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Grower Champagnes

10 Dec

By Sharon Kapnick

They don’t have familiar names like the Big Brands. But they do have lots of charm, personality and character. They are–ta-da!–grower Champagnes. Unlike the prestigious Champagnes with household names, they’re made in limited quantities using grapes from choice, small vineyards that are lavished with individual attention.

These handcrafted, artisan Champagnes aren’t meant to taste the same year after year. They’re created by small growers who prize “individually distinctive flavors,” writes importer Terry Theise. That’s partly why growers are now making wines of their own instead of just selling grapes to the Big Houses (aka the Grandes Marques) like Veuve Clicquot or Taittinger.

The growers like to capture the terroir--the unique flavors derived at specific parcels of land–that is often blended away by the Big Brands, which instead strive to maintain a consistent house style. They prefer to keep their wines original and are less bound by convention. Chardonnay, Pinot Noir and Pinot Meunier, for example, are the usual grapes used in Champagnes; but Moutard Père & Fils and L. Aubry Fils also use Pinot Blanc and/or the obscure grapes Fromenteau (aka Pinot Gris), Arbanne and Petit Meslier in some of their Champagnes. (These grapes were common in Champagne centuries ago; today these seven grapes are the only ones still allowed in Champagne.) Fleury Père & Fils has adopted organic and biodynamic growing methods, which it claims open “the soil and vines to cosmic influences.”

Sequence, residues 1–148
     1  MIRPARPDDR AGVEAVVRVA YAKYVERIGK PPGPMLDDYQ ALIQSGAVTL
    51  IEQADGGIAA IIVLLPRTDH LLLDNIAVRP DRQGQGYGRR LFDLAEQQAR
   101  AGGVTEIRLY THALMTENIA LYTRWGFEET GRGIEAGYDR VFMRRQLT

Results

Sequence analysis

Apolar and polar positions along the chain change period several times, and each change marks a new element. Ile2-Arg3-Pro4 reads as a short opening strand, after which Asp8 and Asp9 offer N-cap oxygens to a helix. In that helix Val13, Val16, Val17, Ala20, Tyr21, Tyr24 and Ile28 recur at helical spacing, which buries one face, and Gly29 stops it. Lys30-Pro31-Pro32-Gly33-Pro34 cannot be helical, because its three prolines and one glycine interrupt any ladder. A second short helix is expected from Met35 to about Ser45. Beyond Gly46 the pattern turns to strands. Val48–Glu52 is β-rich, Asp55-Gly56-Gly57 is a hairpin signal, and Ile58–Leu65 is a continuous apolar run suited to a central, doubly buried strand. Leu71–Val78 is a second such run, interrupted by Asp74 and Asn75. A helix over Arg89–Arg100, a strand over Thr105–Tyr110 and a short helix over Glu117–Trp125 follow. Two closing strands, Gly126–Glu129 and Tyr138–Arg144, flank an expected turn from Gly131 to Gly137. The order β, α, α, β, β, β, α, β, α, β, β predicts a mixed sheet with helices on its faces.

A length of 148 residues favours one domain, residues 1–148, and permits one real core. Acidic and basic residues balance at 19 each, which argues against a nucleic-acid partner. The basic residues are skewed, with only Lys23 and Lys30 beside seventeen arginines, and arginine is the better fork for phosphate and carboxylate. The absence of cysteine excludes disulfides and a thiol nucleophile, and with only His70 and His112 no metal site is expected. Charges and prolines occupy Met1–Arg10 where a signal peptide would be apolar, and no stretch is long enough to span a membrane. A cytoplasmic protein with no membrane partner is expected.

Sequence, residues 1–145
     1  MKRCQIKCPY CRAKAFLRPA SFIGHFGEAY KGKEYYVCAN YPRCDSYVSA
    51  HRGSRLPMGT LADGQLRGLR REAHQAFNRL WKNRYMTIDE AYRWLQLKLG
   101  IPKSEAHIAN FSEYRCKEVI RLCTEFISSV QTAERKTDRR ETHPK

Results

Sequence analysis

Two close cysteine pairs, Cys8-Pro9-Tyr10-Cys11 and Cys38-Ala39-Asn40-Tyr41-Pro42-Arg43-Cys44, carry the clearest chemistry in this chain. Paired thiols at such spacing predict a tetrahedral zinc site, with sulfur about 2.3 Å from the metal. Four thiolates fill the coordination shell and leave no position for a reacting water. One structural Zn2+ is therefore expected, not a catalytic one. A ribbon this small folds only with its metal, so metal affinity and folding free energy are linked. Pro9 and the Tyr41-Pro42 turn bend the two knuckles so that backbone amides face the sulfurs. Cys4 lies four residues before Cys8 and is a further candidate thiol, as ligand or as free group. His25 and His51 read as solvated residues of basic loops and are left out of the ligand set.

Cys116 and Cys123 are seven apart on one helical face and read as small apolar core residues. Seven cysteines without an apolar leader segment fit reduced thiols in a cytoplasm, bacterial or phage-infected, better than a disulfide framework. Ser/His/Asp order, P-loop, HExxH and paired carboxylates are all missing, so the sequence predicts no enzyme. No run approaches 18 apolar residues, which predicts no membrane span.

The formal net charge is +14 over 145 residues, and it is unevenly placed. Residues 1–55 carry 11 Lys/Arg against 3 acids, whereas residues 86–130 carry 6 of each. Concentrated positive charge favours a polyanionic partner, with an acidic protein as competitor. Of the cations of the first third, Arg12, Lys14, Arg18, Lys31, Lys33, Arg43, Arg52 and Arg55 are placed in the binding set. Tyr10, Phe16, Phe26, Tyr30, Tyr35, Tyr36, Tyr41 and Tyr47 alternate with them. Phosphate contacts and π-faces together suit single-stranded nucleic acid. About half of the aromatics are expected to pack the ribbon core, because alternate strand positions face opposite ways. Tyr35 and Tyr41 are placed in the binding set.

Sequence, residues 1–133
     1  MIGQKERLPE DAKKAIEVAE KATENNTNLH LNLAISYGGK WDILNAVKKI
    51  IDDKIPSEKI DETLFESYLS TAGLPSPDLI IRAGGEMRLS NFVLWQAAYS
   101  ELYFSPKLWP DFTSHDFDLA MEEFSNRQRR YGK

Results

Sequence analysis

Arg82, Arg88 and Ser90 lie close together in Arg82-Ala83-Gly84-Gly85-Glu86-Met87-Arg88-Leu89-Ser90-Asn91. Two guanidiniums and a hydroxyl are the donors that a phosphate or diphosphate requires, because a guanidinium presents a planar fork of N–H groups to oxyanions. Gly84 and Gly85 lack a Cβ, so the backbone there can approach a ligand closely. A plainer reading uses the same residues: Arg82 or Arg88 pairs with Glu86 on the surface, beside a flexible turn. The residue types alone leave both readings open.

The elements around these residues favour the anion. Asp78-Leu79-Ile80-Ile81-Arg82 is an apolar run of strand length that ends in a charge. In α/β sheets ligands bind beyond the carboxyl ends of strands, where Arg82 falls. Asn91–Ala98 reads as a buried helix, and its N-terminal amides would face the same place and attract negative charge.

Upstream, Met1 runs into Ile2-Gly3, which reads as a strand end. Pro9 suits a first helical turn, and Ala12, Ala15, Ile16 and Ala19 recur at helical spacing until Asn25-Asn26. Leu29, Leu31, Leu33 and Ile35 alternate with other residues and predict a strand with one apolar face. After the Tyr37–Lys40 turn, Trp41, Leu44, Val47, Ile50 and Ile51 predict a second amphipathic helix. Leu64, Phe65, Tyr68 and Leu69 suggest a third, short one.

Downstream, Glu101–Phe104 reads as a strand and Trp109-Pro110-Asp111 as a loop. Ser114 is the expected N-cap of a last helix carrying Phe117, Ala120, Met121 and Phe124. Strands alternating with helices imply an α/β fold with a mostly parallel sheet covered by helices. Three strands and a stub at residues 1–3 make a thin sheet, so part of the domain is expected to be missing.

Grower Champagnes have been arriving on U.S. shores in discernible numbers since the mid-’90s. According to the Comité Champagne (CIVC), the trade association of independent Champagne producers and houses, the volume of grower Champagne shipments to the U.S. is, well, growing. In 2012 it comprised 4.2% of total volume, up from 3.8% in 2010 and 2011. They’ve caught on with sophisticated Champagne lovers in part because, as Theise writes, “it’s nicer to buy Champagne from families [rather] than from factories.”

Savvy sommeliers adore these Champagnes, which appear on many top restaurant wine lists. They bring cachet to the lists. Jacob Daugherty, sommelier at David Bouley’s cutting-edge kaiseki restaurant in New York City, said Brushstroke’s list sticks to  grower Champagnes. There’s not a Grande Marque to be found.  Paul Grieco, co-owner of the Terroir wine bars and Hearth restaurant in New York City, said, “The public’s thirst for uniquely great products allows the smaller estates to flourish. They add luster to the polished sheen the Champagne region already wears.”

All this is available at excellent prices, usually no more, and often less, than famous-label Champagnes. Daugherty said, for example, that the highly respected Vilmart grower Champagnes offer 90% of the quality of the famed Krug at one-fourth the price. Robert Rogness, co-owner of Wine Expo in Santa Monica, Calif., which carries an extensive line of grower Champagnes, also touts the good value of these wines. He said, “The best Champagnes cost much less than the most famous Champagnes because the price of fame is so high.”

To identify grower Champagnes, look for RM (récoltant-manipulant, or grower-producer) on the label. Other producers to seek out include Paul Bara, Henri Billiot , Gaston Chiquet, Egly-Ouriet, René Geoffroy, Pierre Gimonnet & Fils, Larmandier-Bernier, J. Lassalle,  Pierre Peters and Vilmart & Cie.